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John Ashe, Ex-UN Diplomat Facing Criminal Charges, Goes Begging


John Ashe
John Ashe, ex-president of the UN General Assembly charged with tax fraud by the US government amid a wide-ranging bribery scheme, has apparently gone broke.

A legal defense fund has been set up for John Ashe, a former president of the United Nations General Assembly, who has been accused by the United States government in a million-dollar tax fraud case. The fund is to help Ashe and his wife, Anilla Cherian, to fight a “complicated and unprecedented tax-related criminal case in the United States” requiring “enormous financial resources,” according to a letter sent by a friend of the couple to other parties.

An additional letter, written by Ashe and Cherian and addressed to friends and colleagues, reinforces the plea to donate to the legal defense fund. PassBlue recently obtained copies of the letters.

Ashe, a former diplomat from the Caribbean island nation of Antigua and Barbuda, pleaded not guilty in October 2015 to criminal charges of filing fraudulent income tax returns and evading tax payments to the US government on more than $1.3 million he is accused of receiving in bribes dating to 2011, which the US has traced.

The charges by the US were made on Oct. 6, 2015, amid a broad bribery scandal involving a billionaire Chinese developer and cohorts who allegedly aimed to buy influence through Ashe and his office at the UN to build an international conference center for the world body in Macau, among other deals. Cherian has not been charged with any crime.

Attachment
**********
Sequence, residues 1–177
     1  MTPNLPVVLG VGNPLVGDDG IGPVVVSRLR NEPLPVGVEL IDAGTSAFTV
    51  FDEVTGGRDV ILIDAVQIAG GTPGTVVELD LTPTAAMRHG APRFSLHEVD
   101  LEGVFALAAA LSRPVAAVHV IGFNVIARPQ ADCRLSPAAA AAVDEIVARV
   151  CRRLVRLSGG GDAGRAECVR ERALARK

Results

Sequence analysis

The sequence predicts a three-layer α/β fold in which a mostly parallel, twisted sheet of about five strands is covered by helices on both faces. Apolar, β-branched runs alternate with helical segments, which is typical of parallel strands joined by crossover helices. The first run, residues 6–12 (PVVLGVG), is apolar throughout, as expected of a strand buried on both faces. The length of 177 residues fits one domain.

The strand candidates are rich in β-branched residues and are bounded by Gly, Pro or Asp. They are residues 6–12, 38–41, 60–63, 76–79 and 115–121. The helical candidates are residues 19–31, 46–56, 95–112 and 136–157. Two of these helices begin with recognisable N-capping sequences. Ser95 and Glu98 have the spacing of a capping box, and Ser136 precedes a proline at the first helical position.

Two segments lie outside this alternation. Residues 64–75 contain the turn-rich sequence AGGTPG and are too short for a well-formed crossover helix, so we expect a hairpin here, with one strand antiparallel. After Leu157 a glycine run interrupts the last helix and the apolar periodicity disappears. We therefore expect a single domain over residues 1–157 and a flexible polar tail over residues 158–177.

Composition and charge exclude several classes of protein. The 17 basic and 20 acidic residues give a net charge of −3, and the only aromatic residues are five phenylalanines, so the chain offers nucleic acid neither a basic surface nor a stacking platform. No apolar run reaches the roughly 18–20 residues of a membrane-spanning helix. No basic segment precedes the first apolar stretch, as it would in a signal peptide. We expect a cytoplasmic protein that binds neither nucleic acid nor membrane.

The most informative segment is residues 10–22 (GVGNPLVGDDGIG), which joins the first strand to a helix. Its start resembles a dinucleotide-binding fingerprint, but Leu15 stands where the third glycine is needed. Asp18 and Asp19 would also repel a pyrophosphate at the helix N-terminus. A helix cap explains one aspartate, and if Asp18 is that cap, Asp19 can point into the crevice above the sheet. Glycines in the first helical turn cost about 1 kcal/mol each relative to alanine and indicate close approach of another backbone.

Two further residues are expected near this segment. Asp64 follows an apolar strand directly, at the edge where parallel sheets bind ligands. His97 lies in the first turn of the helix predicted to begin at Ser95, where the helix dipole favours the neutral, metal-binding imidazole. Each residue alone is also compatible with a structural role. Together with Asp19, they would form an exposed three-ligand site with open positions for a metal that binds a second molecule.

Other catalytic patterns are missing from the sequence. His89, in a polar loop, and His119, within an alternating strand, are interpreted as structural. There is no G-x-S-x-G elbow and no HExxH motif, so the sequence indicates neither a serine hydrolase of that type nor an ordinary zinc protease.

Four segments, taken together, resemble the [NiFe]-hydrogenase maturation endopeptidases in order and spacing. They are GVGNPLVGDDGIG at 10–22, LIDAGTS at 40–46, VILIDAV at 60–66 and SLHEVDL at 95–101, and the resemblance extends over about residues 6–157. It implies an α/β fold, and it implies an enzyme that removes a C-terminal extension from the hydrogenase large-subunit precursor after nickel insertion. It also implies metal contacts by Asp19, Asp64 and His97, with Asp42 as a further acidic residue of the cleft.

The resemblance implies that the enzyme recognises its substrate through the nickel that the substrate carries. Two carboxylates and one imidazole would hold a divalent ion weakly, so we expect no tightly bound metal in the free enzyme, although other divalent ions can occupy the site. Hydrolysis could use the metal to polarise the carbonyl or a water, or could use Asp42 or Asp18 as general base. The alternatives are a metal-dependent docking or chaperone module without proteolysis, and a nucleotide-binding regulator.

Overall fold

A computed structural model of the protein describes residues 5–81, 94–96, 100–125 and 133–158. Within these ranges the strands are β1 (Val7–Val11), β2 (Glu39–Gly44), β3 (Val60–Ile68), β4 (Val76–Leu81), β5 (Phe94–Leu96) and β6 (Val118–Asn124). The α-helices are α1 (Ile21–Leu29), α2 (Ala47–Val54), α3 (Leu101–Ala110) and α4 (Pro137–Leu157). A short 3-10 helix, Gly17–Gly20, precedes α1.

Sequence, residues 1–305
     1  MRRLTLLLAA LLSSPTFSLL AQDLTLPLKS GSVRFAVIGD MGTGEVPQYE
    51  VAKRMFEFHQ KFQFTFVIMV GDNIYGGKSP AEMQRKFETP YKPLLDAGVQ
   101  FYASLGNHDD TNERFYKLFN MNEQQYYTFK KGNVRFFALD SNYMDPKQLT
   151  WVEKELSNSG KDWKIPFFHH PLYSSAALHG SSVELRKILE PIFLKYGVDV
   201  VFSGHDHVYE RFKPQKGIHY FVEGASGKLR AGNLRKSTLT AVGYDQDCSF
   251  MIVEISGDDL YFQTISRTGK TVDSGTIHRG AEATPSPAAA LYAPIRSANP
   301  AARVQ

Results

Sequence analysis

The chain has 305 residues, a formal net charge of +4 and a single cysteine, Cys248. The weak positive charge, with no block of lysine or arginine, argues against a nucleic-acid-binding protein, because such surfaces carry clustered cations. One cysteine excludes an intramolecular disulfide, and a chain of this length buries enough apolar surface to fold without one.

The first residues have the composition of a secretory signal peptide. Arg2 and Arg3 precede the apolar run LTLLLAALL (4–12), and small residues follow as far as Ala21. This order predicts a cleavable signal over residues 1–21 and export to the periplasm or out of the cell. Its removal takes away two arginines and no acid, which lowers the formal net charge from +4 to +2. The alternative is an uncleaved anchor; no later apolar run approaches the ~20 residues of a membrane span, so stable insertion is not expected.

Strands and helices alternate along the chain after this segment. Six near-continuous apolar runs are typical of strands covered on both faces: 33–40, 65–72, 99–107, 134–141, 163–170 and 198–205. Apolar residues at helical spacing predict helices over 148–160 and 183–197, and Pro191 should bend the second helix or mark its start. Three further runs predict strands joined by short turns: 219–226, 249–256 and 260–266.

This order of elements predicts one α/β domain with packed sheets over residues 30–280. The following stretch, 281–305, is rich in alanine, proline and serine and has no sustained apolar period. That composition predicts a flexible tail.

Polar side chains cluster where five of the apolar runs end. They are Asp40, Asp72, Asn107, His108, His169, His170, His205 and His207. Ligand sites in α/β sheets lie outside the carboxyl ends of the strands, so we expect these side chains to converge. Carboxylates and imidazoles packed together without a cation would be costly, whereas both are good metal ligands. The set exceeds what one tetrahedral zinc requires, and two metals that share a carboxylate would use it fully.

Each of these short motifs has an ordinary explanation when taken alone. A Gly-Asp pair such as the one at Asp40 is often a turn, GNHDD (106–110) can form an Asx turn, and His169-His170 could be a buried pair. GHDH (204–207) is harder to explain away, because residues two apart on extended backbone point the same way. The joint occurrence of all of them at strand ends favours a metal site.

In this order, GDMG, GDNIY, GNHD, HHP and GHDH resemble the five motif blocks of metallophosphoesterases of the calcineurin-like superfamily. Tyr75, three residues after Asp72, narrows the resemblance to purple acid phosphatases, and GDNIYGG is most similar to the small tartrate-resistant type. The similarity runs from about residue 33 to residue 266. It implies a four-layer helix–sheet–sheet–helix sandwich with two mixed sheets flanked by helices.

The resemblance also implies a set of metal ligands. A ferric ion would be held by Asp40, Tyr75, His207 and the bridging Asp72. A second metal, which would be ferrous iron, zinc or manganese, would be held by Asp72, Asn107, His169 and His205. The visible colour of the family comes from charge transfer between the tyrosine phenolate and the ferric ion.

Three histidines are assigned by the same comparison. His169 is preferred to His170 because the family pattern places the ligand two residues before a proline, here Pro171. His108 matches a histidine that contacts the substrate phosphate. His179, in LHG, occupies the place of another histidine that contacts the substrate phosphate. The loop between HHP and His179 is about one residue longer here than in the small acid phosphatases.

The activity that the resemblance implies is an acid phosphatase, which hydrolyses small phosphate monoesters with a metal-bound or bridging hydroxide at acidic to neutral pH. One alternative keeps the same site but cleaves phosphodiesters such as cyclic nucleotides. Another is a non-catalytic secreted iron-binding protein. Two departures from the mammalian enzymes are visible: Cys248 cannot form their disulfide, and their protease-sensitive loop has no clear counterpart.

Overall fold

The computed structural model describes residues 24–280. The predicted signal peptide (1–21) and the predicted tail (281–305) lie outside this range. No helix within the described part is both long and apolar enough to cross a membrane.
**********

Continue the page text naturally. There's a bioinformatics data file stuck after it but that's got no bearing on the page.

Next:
Preet Bharara, the US attorney in New York, said when the charges were filed that if proven, they would confirm that “the cancer of corruption that plagues too many local and state governments infects the United Nations as well.”

From 2013 to 2014, Ashe was president of the UN General Assembly, mainly a ceremonial position filled by member states that is not part of the UN Secretariat, which is led by Secretary-General Ban Ki-moon.

Ashe is reported to have used the bribery money to indulge in shopping sprees, buying Rolexes watches and bespoke suits as well as building a private basketball court in his home in Dobbs Ferry, N.Y., and traveling first class on vacations with his family.

Ashe has two postgraduate degrees from the University of Pennsylvania. Cherian has written a book on climate change and received postgraduate degrees in international relations from the University of Massachusetts at Amherst and an undergraduate degree from Cornell University. The couple married in 1996.